MicroblogMondays: Attitude Towards Platitudes

Microblog_Mondays

A couple of weeks ago, a lady from my bible study group asked about my cycle.  I gave her a brief history of my journey.  She was sympathetic about my situation.  She went on to tell me about one of her friends who also struggled with making a baby and tried IVF without success.  Then of course she went on vacation.  And of course she got pregnant on that trip.  So of course the message is that, when you relax, you’ll get pregnant.  Six months ago, I would’ve felt a bit negative about it, might have gotten a little offended, and might have said something not too nice about it.  These days I don’t get offended anymore.  I just told her how wonderful it is that her friend found success so unexpectedly.  I did emphasize that it doesn’t happen to everyone.  She said, maybe it’ll happen to you.  And I responded sincerely that I surely hope so, but I am realistic about my chances.  Then I left it at that.  No hard feelings.  No anger towards the platitude.

Last week at my 6:15am bootcamp class, I partnered with a lady who has been in the same class with me for the last three years.  We were chatting while exercising.  She told me that she’d stay home on Martin Luther King Jr.’s day because her kids were off from school.  We chatted about her kids for a little and exclaimed how big they were getting.  She of course asked us if we were planning on having kids.  Six months ago, I would’ve said something generic like, Oh when the time comes or if we’re blessed enough.  On that day, I decided to be open and told her that we’d been trying for three years and went through many rounds of treatment.  I felt that it’s not a shameful thing and I have nothing to hide from her.  She looked a tiny bit shocked but quickly recovered from it.   Of course she then told me that her friend had treatment and had a baby.  Then she went on to get pregnant naturally not once but twice after that.  She said, That could happen to you!  Again, I would’ve gotten annoyed in the past.  Nowadays, I smile and say how wonderful it is that it happened for her friend.  It sometimes does happen.  But not all the time.  She said that she believes it’ll happen for me.  I thanked her and said, I hope so too!

I am quite happy that being annoyed by a well-intentioned person’s platitude is no longer a given in my life.  I am slowly learning to embrace this journey and am truly okay with people telling me about their friends’ miracles, at the same time educating them that whatever miracles they tell me do not always happen to everyone.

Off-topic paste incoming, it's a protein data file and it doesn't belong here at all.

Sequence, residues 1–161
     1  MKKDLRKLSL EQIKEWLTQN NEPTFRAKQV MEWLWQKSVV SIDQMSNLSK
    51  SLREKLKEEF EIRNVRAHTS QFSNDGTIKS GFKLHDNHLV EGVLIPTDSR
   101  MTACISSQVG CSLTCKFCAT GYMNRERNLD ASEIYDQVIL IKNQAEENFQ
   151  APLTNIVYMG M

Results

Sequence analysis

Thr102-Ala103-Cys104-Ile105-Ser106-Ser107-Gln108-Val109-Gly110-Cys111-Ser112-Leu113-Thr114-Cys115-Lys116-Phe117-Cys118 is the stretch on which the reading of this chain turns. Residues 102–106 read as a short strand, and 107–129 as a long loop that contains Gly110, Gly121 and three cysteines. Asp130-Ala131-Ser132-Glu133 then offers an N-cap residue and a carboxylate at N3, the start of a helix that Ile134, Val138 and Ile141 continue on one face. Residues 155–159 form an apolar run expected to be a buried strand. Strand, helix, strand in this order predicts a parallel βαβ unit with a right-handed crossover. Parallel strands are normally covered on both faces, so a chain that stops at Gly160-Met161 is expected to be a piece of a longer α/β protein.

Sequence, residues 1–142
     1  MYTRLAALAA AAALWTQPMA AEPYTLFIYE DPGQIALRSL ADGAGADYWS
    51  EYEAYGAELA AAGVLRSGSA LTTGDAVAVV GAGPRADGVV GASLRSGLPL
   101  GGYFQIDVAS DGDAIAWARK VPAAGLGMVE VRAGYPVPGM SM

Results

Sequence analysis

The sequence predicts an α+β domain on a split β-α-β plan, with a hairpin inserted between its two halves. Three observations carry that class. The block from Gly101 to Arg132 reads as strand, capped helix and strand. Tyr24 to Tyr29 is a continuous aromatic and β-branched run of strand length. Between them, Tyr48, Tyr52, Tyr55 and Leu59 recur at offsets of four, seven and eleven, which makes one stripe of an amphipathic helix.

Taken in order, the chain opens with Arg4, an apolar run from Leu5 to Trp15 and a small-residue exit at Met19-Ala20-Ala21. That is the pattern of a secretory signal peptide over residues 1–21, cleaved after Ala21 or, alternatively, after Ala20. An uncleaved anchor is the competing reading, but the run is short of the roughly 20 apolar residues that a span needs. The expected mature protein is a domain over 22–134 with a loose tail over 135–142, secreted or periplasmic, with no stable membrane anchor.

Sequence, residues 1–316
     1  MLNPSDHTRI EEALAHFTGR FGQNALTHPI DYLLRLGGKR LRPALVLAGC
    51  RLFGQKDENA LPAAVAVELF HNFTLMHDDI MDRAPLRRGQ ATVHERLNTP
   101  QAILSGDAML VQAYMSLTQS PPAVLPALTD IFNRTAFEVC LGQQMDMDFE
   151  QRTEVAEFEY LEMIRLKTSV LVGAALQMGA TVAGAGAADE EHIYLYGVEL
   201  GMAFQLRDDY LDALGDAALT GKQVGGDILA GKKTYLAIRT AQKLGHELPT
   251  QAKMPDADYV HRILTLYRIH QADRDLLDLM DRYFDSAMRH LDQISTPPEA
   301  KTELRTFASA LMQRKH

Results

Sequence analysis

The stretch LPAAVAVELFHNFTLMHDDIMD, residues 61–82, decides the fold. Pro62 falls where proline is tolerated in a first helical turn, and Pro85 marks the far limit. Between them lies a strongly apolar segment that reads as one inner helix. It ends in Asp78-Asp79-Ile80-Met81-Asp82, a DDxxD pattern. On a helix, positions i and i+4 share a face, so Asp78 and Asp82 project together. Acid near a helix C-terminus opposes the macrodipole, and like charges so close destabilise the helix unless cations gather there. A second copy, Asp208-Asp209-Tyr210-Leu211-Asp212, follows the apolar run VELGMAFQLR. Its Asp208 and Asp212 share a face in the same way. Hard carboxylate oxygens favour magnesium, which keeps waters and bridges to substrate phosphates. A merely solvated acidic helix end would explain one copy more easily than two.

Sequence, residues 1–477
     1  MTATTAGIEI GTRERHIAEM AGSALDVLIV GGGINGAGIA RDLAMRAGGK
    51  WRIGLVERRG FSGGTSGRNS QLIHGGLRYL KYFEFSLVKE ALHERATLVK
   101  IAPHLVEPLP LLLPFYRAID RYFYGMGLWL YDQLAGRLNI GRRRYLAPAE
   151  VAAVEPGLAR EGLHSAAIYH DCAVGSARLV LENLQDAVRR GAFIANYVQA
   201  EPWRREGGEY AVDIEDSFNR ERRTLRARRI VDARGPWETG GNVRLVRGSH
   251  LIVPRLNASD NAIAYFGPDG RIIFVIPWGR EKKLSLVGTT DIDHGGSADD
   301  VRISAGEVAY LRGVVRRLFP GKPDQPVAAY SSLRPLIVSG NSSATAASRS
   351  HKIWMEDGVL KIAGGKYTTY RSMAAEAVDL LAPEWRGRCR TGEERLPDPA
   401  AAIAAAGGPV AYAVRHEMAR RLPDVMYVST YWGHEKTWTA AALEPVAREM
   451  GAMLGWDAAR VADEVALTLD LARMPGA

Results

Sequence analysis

I like being in this new state.  Not bitter.  Just wanting to engage and be okay with it.  And also okay with talking about my journey without feeling the need to look for a reason or excuse for our childless state.  I like this new attitude.  I hope I can keep up with it.

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14 thoughts on “MicroblogMondays: Attitude Towards Platitudes

  1. Wow, I am so happy for you! That is a state of mind I never reached as I was always so bitter when people would tell me those success stories. Now, I do know that they happen (obviously ;)) BUT I also know that many times they do not happen and I wouldn’t want to give anyone false hope. So, I guess I still get annoyed by those stories but mostly because I want people to understand that it is awesome when things do work out that way but it is also possible that maybe they won’t. I am happy for you to be in such a healthy place right now. I am really inspired by how sweet and understanding you are towards people.

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  2. So glad you can feel this way, and with your sensitive redirecting of people’s comments hopefully next time they won’t say the wrong thing to someone else who isn’t able to bear it.

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  3. Congratulations on finding a bit of peace. I never got to that place while I was in the midst of it, and it took me a couple of years after we stopped trying altogether! Good for you, girl!

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  4. I’m glad you have such a zen attitude towards platitudes. I know they’re only trying to help, and I would – like you – say that I was very happy for their friends (because I am). But these days I feel the need to educate – and so I point out the medical impossibility or stats of my particular situation, or why it is so hard to “just adopt.”

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